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Windows 7: Take Ownership tweak removes Run as Admin

18 Sep 2009   #1
tylor

7 RTM 64 bit
 
 
Take Ownership tweak removes Run as Admin

Hi Guys,

I am about to reformat my system and reinstall all programs and settings etc.. One question I have is around the registry tweak to add a "Take Ownership" icon to the right click contect menu.

I generally install this tweak as it's extremely useful and saves messing around with calcs commands. It seems however that once this is done in Windows 7 RTM 64 it replaces the icon to run as administrator (which is also extremely useful).

Is there a way to keep both icons/features in the context menu?

Thanks in advance
Tylor



My System SpecsSystem Spec
.
18 Sep 2009   #2
jfar

Vista Ult64, Win7600
 
 

My System SpecsSystem Spec
18 Sep 2009   #3
tylor

7 RTM 64 bit
 
 

Apologies if I have missed something here but the link you posted is simply what I already use and am referring to.

When I implement the tweak it does add the take ownership to the context menu which is great, the downside is that it overwrites the 'run as admin' context menu. My question was asking if it is possible to have both context menu's on the right click option.
Kind Regards
Tylor
My System SpecsSystem Spec
.

18 Sep 2009   #4
DeaconFrost

Windows 7 Ultimate x64 SP1
 
 

Correct me if I'm wrong, but why would you need a tweak to take ownership of files on your own system? The only time taking ownership should be an issue, is if you pulled a drive from another system and attached it, and needed to pull files out of some of the previous system's sys volume.

Once you get all files transferred to your system, you shouldn't ever need to take ownership of them again. Ownership is a permissions issue, that can be resolved once, and it sticks.
My System SpecsSystem Spec
18 Sep 2009   #5
tylor

7 RTM 64 bit
 
 

There are several times you may wish to take ownership of protected files.

Say I want to add a custom theme to my Media Centre backdrop, if I try and edit a file like ehres.dll Windows will throw an error advising that I do not have the sufficient rights to do this.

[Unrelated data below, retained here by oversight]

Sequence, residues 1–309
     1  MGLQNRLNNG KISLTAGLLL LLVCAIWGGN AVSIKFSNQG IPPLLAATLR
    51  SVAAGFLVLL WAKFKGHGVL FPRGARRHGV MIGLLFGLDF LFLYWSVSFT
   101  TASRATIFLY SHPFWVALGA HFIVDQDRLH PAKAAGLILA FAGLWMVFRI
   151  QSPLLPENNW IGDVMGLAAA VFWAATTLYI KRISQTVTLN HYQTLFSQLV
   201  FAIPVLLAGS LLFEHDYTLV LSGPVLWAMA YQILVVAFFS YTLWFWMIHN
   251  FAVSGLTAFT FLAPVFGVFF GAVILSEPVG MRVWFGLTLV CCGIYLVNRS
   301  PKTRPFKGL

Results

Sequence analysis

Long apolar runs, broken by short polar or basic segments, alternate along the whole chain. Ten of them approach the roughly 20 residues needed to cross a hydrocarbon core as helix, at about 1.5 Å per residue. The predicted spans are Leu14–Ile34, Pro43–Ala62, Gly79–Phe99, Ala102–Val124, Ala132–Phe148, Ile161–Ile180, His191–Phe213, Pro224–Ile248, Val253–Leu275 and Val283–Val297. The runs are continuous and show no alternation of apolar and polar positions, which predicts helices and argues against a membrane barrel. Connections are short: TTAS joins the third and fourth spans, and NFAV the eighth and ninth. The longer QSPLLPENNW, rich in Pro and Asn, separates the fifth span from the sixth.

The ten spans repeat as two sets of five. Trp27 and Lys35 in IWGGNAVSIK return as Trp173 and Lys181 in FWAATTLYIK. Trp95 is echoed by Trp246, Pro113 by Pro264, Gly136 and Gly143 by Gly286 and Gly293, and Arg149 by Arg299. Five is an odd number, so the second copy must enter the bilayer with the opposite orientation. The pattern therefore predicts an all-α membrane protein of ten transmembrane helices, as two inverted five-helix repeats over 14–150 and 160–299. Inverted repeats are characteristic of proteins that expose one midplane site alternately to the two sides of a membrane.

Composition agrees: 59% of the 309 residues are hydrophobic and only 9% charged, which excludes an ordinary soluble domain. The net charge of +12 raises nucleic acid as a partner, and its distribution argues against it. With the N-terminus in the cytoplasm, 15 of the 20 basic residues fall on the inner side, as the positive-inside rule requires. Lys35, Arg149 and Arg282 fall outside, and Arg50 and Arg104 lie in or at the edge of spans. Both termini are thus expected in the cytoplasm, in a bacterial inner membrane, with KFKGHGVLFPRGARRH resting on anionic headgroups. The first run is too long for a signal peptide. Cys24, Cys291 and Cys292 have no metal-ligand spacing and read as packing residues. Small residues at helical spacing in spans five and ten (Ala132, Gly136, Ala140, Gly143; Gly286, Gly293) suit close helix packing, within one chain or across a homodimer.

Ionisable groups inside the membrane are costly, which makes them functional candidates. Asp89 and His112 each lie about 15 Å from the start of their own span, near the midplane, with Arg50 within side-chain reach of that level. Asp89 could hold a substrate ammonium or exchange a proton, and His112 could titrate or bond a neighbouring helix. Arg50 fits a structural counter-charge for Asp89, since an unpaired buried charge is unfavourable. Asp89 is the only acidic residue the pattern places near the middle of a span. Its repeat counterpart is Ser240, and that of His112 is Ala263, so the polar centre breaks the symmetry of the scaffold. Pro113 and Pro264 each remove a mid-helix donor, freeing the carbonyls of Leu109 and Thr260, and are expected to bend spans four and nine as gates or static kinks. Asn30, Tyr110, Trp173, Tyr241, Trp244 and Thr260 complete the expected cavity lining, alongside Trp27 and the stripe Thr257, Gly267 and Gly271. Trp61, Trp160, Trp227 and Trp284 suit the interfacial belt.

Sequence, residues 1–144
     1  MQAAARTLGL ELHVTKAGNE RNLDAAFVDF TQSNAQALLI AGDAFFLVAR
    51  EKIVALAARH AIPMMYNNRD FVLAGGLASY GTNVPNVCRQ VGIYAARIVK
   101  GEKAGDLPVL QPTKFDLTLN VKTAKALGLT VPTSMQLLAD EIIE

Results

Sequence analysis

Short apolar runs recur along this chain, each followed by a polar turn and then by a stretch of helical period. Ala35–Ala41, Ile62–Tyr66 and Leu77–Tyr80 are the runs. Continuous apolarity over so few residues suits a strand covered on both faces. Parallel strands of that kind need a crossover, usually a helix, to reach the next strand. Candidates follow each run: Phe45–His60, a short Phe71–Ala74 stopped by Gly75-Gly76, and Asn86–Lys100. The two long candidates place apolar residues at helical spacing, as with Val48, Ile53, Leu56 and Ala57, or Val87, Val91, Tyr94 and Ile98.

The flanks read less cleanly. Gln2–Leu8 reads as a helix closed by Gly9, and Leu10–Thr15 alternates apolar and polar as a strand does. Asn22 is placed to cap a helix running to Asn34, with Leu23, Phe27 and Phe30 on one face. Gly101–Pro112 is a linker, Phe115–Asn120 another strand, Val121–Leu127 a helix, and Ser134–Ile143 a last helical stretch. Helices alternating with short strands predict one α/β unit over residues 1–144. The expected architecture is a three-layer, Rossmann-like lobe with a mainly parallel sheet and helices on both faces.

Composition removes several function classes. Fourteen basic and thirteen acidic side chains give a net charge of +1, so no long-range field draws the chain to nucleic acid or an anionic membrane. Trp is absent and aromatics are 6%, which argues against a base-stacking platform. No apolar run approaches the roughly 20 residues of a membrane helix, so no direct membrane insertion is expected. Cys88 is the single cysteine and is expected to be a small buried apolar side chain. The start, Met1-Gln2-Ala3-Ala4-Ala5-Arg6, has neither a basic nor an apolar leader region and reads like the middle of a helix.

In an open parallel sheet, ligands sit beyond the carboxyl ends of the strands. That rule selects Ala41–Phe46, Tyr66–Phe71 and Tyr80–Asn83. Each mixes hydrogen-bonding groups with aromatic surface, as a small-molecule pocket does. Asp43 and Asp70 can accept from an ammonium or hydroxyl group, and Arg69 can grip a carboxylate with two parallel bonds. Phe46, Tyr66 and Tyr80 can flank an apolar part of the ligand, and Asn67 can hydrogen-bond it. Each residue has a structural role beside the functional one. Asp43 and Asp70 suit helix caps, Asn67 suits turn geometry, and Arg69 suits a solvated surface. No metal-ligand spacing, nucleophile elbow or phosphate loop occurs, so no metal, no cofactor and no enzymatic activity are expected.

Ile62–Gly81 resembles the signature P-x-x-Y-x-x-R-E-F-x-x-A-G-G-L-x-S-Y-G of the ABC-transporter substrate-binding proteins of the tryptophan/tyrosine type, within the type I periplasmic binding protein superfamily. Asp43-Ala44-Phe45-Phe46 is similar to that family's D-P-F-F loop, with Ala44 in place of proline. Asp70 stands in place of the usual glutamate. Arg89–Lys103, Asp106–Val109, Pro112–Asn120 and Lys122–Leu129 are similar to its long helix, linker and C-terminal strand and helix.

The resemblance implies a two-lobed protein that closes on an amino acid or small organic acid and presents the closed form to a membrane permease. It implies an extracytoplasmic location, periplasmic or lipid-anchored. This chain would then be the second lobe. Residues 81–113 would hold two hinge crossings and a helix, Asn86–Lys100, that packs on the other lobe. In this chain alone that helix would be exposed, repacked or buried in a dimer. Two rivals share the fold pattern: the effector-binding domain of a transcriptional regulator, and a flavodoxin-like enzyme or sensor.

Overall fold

My System SpecsSystem Spec
18 Sep 2009   #6
DeaconFrost

Windows 7 Ultimate x64 SP1
 
 

Wouldn't that be more related to UAC, and not taking ownership? I'd be willing to bet, as a test, if you disabled/lowered UAC, you wouldn't see those prompts. Taking ownership of a file/directory is making a change to the actual permissions...a permanent change, not a temporary one that UAC handles.
My System SpecsSystem Spec
18 Sep 2009   #7
tylor

7 RTM 64 bit
 
 

I'm afraid Not, I don't use UAC at all.

I know all about changing file properties and access rights per user group. Unfortunately there are still certain files that you need to take ownership of which is why the tweak was developed to make the process easier.

If you try and alter the file permissions for ehres.dll for example via the standard method by right clicking and selecting properties - Security - Permissions, you will just get an error message.
My System SpecsSystem Spec
18 Sep 2009   #8
DeaconFrost

Windows 7 Ultimate x64 SP1
 
 

Well, I'll be damned. I did get the error message. I guess it's a good thing I don't go mucking with system files.

I'm still feeling the pain from the whole "taking ownership" fiasco that's been going on since Vista's release, where people would actually store their data on the system volume, and then move it to another computer, encountering permissions issues because they didn't set the new system up with the same username and password. When I see "taking ownership", and I'm done convulsing, I assume it has to do with just that...taking ownership in the permissions. I've never seen it called taking ownership for something temporary like this. Ah well, good to know, should I decide to edit any system files.
My System SpecsSystem Spec
18 Sep 2009   #9
Snufffed

 

I use "Take Ownership" via right click and also "Run as Admin" via Right click.

It depends on the type of file which shows... are you sure you lost "Run as Admin"?

find - locate an .exe file then right click..."Run as Admin" should be there.
My System SpecsSystem Spec
18 Sep 2009   #10
Brink

64-bit Windows 10 Pro
 
 

Tylor,

As Snuffy posted, the Take Ownership shortcut will be added to the context menu for all folders and files in Vista. The application files, (ex: EXE, CMD, MSI), will still have Run as administrator in addition to Take Ownership when you right click on them. Non application files (ex: txt, jpg) never had Run as administrator in their context menu.

Hope this helps,
Shawn
My System SpecsSystem Spec
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 Take Ownership tweak removes Run as Admin




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